Now, in the beginning of October, another climate crisis has emerged in Rio Grande do Sul with a great increase in the level of Uruguay river. The State Civil Defense sent warnings to Barra do Guarita, Iraí and Porto Mauá, cities that are already being affected, at the moment. Nevertheless, other locations along the Uruguay River, in the regions of Upper, Middle and Lower Uruguay can be hit by the floodings.

El Niño: Draughts and Heavy Rains

Experts explain that the El Niño phenomenon causes, at the same time, a significant reduction in rainfall in the North and in the Northeast, and an increase in rainfall in the South region. Thus, so far it is within normal parameters, although it is possibly evolving into what is called “Super El Niño”, already observed between 2015 and 2016.

Even before the period that El Niño typically manifests itself, the country is already witnessing extreme events connected to this phenomenon. The effects are the potentiation of rains and droughts, both become very intense.

Researchers of climate connect this effect with the accumulation of greenhouse gases in the atmosphere, the “blanket” that protects the planet — which is the atmosphere — becomes denser. Thus, the energy we receive from the sun is retained in a greater way, a factor that gives more energy to the climate system and makes events happen with a much greater intensity.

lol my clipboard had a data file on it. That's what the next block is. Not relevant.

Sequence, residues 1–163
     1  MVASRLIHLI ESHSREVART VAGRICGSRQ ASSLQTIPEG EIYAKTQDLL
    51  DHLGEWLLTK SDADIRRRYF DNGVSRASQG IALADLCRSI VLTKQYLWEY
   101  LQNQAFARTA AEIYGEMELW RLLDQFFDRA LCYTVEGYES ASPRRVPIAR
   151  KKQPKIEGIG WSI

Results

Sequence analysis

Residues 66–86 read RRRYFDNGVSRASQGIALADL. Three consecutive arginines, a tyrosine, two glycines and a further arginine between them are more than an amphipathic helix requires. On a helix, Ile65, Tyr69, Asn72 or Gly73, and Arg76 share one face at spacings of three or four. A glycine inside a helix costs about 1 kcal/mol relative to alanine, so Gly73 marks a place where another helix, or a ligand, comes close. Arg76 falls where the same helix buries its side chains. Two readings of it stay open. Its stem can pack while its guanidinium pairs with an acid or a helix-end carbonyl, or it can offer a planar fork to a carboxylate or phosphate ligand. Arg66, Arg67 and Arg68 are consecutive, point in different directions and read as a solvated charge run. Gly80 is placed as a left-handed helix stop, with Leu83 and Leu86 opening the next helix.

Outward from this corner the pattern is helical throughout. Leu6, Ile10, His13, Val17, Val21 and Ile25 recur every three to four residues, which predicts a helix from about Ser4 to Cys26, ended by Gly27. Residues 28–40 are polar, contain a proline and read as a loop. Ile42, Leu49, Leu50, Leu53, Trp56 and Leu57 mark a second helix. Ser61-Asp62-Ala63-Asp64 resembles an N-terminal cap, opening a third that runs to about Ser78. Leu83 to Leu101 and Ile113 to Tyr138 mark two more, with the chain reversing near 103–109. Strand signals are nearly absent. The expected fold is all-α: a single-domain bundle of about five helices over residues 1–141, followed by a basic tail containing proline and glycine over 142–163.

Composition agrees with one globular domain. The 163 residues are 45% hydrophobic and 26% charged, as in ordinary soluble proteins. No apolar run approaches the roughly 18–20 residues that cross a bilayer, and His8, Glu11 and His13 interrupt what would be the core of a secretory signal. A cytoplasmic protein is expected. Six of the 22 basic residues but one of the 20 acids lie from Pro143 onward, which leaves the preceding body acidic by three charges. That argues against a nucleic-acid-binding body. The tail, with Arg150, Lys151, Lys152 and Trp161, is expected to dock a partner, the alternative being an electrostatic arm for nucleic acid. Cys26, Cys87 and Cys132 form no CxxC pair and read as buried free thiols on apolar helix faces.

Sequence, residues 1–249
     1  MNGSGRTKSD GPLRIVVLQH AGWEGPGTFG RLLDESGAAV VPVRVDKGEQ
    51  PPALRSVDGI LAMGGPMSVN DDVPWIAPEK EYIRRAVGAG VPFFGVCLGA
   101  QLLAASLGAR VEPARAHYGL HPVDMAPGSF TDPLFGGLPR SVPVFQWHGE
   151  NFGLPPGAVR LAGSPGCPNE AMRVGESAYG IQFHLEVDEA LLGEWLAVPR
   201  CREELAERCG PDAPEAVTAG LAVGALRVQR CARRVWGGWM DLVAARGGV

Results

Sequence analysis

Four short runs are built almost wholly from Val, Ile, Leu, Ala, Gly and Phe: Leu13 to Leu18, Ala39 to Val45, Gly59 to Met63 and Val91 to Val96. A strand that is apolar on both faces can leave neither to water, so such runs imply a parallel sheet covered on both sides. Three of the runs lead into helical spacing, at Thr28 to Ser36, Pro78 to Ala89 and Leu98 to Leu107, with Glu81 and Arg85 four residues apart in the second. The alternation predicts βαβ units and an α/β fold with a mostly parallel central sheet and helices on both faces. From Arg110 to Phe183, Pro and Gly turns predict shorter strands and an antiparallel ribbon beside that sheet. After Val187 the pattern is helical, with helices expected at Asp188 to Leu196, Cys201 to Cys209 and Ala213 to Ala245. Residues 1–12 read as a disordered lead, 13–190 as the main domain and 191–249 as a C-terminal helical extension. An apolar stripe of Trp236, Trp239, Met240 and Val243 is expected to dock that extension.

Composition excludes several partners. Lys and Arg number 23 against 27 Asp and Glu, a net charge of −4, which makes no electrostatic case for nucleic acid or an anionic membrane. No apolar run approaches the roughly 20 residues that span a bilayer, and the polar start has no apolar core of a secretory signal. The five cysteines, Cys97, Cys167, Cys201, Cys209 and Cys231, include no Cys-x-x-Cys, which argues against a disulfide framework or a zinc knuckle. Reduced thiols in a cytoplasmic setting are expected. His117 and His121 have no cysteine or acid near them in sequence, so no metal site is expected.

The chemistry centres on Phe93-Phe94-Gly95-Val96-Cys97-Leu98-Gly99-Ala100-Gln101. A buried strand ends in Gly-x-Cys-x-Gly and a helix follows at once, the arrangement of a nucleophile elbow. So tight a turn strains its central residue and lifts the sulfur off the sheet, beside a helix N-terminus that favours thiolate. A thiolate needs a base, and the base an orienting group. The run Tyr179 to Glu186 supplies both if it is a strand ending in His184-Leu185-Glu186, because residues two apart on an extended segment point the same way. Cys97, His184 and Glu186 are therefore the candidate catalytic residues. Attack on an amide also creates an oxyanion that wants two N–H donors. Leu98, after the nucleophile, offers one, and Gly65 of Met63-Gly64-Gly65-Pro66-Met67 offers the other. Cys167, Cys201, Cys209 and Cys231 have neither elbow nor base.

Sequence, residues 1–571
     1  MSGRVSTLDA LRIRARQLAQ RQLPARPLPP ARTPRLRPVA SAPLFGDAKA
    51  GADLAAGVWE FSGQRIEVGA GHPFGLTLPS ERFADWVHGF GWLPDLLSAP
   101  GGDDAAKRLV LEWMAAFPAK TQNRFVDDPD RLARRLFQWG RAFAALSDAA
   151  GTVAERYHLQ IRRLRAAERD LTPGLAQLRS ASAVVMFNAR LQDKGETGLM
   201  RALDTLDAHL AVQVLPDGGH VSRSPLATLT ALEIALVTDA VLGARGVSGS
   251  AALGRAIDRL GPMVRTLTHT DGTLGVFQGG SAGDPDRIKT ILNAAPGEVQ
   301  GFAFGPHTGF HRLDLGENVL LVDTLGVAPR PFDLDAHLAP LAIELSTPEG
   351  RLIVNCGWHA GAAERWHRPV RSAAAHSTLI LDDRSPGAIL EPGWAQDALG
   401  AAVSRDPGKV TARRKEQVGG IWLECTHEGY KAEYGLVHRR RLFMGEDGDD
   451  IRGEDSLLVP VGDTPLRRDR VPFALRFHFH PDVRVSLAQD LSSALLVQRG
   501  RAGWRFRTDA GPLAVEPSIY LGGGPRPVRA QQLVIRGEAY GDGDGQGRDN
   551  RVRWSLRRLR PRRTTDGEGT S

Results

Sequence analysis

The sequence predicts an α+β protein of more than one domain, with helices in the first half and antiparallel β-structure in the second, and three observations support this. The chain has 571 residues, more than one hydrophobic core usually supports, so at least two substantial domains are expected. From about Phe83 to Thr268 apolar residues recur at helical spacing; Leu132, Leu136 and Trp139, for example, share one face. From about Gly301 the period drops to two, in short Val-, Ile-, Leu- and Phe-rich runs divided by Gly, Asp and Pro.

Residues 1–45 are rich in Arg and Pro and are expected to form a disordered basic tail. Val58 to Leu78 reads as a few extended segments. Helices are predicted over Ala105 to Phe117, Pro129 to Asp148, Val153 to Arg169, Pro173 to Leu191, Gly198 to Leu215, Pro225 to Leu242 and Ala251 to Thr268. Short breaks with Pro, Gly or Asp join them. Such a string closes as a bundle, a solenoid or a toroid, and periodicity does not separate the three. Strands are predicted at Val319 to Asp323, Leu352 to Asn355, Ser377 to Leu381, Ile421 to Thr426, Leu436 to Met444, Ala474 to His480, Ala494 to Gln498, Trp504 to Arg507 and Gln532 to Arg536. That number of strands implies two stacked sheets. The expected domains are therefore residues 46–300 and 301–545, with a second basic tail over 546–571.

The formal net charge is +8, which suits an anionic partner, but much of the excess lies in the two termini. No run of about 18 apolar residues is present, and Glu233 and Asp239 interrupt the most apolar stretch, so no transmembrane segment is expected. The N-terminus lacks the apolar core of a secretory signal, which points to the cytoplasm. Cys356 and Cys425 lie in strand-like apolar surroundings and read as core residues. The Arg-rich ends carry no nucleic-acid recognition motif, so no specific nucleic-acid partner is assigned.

Lack of Preparation by the State

Furthermore, experts assess that the consequences being observed show a lack of preparation and anticipation on the part of state, municipal and federal governments, as this forecast was already available a few months ago. The government sphere could, therefore, have prepared itself by providing subsidies or setting up a support structure so that the population would not suffer so much.

In the case of the Amazon, for example, the lack of highways directly affects the lives of individuals, who depend on rivers to navigate through the region — a characteristic that prevents them from receiving water, food, medicine, etc. Thus, the phenomenon has economic and social implications

Fires in the North

In addition to the droughts and heavy rains, the climate in the North region has been affected by a series of criminal fires, particularly around the capital of Amazonas state. Manaus has been suffering with hundreds of fires, which, on Thursday (12/10), for the second consecutive day, left the city’s landscape covered by smoke. The pollution affected the air quality, which reached levels that are very harmful to health.

Data from the National Institute for Space Research (Inpe) points to a record number of hot spots in Amazonas. There were 2,684 registrations in the first ten days of October in the state alone, compared to 1,503 in the entire month last year.

The increase in forest fires led the government of Wilson Lima (União Brasil) to declare, in September, an environmental emergency. The Federal Police (PF) investigates the incidents.

Source: G1 [1], [2]; Exame; Folha de SP; Globo.